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September 23, 2016
Latest polling suggests California voters could benefit from more information about state's competing death penalty initiatives
This news report on the latest polling concerning the competing death penalty initiatives before voters this fall reinforces my sense that Californians could benefit from a lot more public discussion and debate over the state and possible fate of capital punishment there. The news piece is headlined "Is a plan to end the death penalty on the ropes in California?," and here are the details (with my emphasis added):
A plurality of likely voters backs the latest ballot effort to repeal the death penalty in California and shutter the nation’s largest death row, but support remains below the 50 percent threshold needed, a new poll shows. The survey, completed jointly by the Field Poll and the Institute of Governmental Studies at UC Berkeley, found Proposition 62 ahead 48 to 37 percent, with 15 percent of likely voters undecided.
Meanwhile, barely a third (35 percent) support Proposition 66, a competing initiative aimed at expediting the death-penalty process. With 42 percent undecided, it appears far less familiar to voters. Twenty-three percent are opposed.
The see-saw measures come four years after voters narrowly rejected Proposition 34, an initiative that would have replaced capital punishment with life in prison without parole. The Field Poll’s last survey of that measure, taken a week before the 2012 election, found it leading 45 to 38 percent.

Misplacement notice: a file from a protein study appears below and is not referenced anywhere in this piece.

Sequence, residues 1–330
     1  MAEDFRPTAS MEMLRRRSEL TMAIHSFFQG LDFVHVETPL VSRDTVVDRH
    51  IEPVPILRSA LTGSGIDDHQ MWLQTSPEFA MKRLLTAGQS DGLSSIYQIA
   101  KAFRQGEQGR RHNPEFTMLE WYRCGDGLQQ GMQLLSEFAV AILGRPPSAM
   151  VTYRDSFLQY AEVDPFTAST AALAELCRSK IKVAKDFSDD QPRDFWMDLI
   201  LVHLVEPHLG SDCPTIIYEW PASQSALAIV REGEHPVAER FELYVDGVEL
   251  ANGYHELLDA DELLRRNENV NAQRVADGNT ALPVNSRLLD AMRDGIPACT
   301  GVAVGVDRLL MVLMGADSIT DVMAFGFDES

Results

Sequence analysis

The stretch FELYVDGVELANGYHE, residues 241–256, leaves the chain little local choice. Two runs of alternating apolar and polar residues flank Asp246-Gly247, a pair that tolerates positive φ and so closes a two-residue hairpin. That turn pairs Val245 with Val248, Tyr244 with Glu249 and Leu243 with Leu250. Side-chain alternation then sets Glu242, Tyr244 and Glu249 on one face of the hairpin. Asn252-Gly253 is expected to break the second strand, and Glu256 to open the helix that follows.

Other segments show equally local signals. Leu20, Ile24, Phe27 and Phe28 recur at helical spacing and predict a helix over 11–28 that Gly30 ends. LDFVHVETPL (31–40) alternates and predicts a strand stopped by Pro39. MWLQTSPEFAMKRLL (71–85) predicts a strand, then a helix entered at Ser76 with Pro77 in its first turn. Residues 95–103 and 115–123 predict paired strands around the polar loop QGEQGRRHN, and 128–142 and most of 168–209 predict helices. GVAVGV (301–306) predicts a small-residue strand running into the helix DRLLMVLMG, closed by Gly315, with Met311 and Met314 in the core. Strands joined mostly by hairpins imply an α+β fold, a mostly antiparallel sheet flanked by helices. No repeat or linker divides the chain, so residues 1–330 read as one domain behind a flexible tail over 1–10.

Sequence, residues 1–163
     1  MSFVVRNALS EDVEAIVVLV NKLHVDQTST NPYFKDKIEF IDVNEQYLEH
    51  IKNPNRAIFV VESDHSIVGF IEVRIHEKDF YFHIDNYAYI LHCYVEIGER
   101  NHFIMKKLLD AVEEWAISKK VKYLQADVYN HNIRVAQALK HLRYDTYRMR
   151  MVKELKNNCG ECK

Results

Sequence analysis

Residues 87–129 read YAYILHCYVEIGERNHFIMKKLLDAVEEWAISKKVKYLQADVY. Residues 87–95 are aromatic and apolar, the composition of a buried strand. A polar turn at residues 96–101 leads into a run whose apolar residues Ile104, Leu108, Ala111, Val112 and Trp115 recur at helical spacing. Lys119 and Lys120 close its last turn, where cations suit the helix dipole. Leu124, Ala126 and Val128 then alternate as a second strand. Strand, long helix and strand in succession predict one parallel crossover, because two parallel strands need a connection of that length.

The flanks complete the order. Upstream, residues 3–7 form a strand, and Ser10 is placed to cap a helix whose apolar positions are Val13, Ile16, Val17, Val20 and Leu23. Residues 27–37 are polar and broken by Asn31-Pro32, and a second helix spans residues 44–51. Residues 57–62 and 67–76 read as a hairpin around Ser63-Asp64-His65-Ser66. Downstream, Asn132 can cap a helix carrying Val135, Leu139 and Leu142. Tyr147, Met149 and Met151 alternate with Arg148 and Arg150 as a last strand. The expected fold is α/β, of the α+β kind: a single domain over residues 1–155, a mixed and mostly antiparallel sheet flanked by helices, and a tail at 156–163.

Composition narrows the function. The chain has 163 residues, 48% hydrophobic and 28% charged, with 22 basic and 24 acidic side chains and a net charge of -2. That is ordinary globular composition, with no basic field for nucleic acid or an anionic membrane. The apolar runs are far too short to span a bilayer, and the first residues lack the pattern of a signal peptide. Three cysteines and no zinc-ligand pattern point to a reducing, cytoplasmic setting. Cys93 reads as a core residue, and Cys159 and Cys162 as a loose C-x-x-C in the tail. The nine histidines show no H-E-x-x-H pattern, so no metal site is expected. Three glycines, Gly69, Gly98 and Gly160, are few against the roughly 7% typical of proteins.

Mark DiCamillo, director of the poll, said there are signs of encouragement for death-penalty opponents this time, despite hovering below a majority seven weeks before the Nov. 8 election. “This is not a bad-news poll for Prop. 62,” DiCamillo added....
Proposition 62 would replace death sentences with life in prison without the possibility of parole and apply retroactively to existing death sentences. Proposition 66 endeavors to speed up the process by requiring that appeals conclude within five years of sentencing. DiCamillo said there is “much greater confusion” about Proposition 66, adding, “Voters don’t fully understand what the impact is.” If both measures pass, the one with the most votes will prevail....
California’s last execution was in January 2006, with the state effectively halting executions over challenges to its lethal injection protocol.
Some of many prior related posts:
- California voters in November to have "mend it or end it" death penalty initiative options
- California initiative to reform death penalty officially qualifies for ballot (and will compete with repeal initiative)
- California DA makes the case for mending rather than ending California's capital punishment system
- "California Votes 2016: An Analysis of the Competing Death Penalty Ballot Initiatives."
- "It's Silicon Valley vs. law enforcement on California death penalty"
- Poll suggests Californians will vote in November 2016 to mend rather than end the death penalty in their state
- "Fourteen Years Later: The Capital Punishment System in California"
September 23, 2016 at 10:29 AM | Permalink
Proposition 666 is actually winning because its only purpose was to confuse the voters and thereby prevent Prop 62 from getting a majority.
Posted by: George | Sep 23, 2016 9:57:51 PM